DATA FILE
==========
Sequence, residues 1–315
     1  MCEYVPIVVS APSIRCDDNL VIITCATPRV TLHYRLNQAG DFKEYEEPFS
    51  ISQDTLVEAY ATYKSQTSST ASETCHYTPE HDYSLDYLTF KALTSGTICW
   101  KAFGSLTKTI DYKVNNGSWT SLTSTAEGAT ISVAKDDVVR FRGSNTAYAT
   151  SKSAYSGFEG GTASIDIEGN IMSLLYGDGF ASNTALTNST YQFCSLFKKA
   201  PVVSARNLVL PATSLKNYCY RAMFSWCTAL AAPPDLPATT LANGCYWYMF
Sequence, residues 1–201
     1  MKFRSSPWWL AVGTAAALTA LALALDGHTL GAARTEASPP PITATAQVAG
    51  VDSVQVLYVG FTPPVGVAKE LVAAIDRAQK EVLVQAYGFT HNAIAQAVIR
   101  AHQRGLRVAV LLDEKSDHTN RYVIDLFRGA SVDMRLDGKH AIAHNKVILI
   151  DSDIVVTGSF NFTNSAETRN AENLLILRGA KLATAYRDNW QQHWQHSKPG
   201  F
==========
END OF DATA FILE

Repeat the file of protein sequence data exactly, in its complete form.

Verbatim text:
Sequence, residues 1–315
     1  MCEYVPIVVS APSIRCDDNL VIITCATPRV TLHYRLNQAG DFKEYEEPFS
    51  ISQDTLVEAY ATYKSQTSST ASETCHYTPE HDYSLDYLTF KALTSGTICW
   101  KAFGSLTKTI DYKVNNGSWT SLTSTAEGAT ISVAKDDVVR FRGSNTAYAT
   151  SKSAYSGFEG GTASIDIEGN IMSLLYGDGF ASNTALTNST YQFCSLFKKA
   201  PVVSARNLVL PATSLKNYCY RAMFSWCTAL AAPPDLPATT LANGCYWYMF
Sequence, residues 1–201
     1  MKFRSSPWWL AVGTAAALTA LALALDGHTL GAARTEASPP PITATAQVAG
    51  VDSVQVLYVG FTPPVGVAKE LVAAIDRAQK EVLVQAYGFT HNAIAQAVIR
   101  AHQRGLRVAV LLDEKSDHTN RYVIDLFRGA SVDMRLDGKH AIAHNKVILI
   151  DSDIVVTGSF NFTNSAETRN AENLLILRGA KLATAYRDNW QQHWQHSKPG
   201  F